As dancers, we understand that communication is extremely important. Whether you are trying to coordinate a complex lift or determine a specific count, having a clear line of communication is a necessity. However, outside of the studio, communication with your peers can sometimes be difficult. Here are some of MTD favorite tips on how to improve communication with your peers which will benefit you in the studio and in life.

Put Away Technology

While technology does help improve communication in some facets, it hinders face-to-face communication. When you are communicating with someone in person, it is important that your technology (i.e. your phone) is put away. Not only does this allow you to be more focused on the conversation, but it also shows whoever you are communicating with a sign of respect.

Be the Listener

A key to being a good communicator is being a good listener. This means not interrupting anyone in conversation and being the individual that asks questions rather than responding to them. Becoming the “Listener” takes time and practice, but a good way to begin is by reflecting on communication situations and determine if you both spoke for an equal amount of time/shared an equal amount of information. If you seemed to dominate the conversation, it may be a sign that you need to work on listening skills.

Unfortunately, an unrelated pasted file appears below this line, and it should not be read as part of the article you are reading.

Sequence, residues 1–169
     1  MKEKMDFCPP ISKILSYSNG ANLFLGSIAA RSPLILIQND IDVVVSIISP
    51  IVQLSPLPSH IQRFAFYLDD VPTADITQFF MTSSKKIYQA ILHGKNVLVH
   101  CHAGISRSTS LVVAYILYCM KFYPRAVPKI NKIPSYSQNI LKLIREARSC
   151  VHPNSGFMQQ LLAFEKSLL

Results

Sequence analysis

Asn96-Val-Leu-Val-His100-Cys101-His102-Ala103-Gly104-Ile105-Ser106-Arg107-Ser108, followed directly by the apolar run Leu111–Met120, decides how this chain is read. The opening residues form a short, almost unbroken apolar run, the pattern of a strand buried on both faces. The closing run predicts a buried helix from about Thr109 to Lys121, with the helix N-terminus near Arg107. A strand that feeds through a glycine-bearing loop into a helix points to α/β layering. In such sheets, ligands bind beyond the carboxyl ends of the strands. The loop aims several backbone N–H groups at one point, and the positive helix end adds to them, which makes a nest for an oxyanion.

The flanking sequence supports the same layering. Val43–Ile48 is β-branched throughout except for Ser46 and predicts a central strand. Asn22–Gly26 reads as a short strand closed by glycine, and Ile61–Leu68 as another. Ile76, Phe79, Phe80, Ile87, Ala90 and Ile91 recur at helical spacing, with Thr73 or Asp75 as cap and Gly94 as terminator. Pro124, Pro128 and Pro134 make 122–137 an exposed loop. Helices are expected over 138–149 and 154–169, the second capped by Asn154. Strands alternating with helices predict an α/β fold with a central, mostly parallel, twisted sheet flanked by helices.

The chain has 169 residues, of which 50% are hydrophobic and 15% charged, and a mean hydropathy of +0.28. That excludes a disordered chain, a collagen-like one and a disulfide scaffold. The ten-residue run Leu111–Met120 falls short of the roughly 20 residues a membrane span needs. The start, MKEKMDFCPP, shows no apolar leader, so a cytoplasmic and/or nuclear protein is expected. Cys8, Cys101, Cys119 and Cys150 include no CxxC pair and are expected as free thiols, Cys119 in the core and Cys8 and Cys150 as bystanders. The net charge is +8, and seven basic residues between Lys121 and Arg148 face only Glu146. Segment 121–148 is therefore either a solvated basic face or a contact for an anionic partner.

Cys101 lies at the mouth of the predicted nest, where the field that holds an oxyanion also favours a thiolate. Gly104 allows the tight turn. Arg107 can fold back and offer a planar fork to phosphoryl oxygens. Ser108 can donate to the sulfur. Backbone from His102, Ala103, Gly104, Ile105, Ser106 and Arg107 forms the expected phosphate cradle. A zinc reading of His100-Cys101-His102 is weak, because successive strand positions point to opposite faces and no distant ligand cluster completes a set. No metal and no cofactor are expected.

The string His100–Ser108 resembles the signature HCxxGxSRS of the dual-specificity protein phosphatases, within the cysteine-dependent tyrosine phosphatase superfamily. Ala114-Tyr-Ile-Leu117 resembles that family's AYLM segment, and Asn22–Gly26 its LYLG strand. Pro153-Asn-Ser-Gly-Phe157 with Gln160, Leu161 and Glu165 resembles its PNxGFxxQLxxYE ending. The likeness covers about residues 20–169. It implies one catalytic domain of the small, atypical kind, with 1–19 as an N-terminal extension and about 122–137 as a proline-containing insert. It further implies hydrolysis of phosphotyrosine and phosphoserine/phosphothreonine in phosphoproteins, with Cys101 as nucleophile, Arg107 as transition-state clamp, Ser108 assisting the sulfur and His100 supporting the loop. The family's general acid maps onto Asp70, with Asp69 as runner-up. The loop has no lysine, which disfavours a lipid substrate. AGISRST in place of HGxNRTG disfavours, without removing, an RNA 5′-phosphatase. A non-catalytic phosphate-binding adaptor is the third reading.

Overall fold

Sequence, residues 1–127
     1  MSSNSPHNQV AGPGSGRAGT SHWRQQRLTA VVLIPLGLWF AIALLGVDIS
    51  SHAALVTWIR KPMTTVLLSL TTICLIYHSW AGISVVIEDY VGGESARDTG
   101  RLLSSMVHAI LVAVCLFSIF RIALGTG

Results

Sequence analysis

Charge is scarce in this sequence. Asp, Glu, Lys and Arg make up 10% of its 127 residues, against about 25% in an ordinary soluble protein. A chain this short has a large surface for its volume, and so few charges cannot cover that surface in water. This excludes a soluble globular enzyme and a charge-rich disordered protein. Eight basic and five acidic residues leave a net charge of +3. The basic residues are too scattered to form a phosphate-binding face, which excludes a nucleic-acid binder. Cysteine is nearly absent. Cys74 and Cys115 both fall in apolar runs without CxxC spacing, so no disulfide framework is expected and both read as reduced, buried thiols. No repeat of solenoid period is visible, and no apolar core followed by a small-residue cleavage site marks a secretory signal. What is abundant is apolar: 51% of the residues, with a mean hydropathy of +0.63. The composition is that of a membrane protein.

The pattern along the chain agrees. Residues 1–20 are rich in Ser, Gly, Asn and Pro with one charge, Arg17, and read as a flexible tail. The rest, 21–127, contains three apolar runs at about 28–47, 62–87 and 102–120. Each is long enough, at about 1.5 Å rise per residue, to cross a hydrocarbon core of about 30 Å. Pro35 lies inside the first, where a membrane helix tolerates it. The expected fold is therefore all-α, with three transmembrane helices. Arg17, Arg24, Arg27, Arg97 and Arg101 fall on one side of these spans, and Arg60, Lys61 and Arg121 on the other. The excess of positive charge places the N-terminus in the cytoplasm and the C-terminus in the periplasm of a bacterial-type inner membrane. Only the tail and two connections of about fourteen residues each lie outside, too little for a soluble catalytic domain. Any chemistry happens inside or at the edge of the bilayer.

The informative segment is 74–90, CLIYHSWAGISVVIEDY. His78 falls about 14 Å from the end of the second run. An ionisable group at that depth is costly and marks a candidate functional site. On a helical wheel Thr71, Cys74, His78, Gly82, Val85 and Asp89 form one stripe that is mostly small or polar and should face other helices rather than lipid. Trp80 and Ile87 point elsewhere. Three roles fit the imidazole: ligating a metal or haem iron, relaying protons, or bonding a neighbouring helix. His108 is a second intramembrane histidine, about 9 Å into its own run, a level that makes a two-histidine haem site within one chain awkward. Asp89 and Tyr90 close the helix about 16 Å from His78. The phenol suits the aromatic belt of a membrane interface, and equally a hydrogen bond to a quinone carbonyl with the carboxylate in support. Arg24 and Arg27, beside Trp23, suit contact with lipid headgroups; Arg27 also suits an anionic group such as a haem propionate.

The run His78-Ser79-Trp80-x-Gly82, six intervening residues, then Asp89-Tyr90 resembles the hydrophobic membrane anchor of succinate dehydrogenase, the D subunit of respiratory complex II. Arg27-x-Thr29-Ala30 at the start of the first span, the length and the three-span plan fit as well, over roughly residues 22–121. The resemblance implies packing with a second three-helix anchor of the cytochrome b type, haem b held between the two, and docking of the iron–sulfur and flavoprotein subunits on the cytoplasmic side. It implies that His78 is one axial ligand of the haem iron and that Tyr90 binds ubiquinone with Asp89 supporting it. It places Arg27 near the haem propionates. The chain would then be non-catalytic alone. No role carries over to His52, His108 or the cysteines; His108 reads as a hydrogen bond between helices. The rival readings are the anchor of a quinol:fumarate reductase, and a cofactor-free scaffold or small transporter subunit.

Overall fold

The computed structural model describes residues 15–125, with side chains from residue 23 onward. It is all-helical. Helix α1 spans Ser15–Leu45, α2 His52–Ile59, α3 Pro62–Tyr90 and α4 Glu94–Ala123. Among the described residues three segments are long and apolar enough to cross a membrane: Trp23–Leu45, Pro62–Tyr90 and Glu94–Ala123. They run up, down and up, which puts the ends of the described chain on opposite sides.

Don’t Beat Around the Bush

A part of good communication and healthy relationships means being straightforward in your conversations or not beating around the bush. If you are upset about something share openly that you are upset and why you are upset. If you need a favor, don’t preface your request but be direct. Having open lines of communication creates honesty and trust in a relationship.

Be Honest with Yourself

Being honest with yourself in regards to communication means recognizing your strengths and downfalls in communication. By acknowledging what your weaknesses are, you are able to attend to that weakness until it becomes a strength. Consider the following to reflect on: Do I truly listen to those around me? Does my body language show respect such as do I face the individual I am speaking with? Does my face indicate communication with the use of eye-contact and expressions? Do I communicate exactly how I feel?

Recognize Everyone’s Needs

The final and most important key to great communication is recognizing everyone’s needs as legitimate. Have you ever been in a conversation and you are thinking “why are they telling me this”? For the individual who was telling the story, they had a need to tell you the story. However, you did not have a need to hear the story. Situations like this can be difficult, but it is important to remember that your needs are just as legitimate as the needs of someone else even if expressed differently. So, by listening to this person you help tend to their need which shows respect and excellent communication.